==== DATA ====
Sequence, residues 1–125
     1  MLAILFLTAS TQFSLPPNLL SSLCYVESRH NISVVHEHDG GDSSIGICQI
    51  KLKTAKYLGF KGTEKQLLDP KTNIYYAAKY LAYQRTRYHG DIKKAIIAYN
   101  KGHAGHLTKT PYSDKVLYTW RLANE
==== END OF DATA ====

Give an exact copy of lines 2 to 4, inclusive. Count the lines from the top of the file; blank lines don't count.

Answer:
     1  MLAILFLTAS TQFSLPPNLL SSLCYVESRH NISVVHEHDG GDSSIGICQI
    51  KLKTAKYLGF KGTEKQLLDP KTNIYYAAKY LAYQRTRYHG DIKKAIIAYN
   101  KGHAGHLTKT PYSDKVLYTW RLANE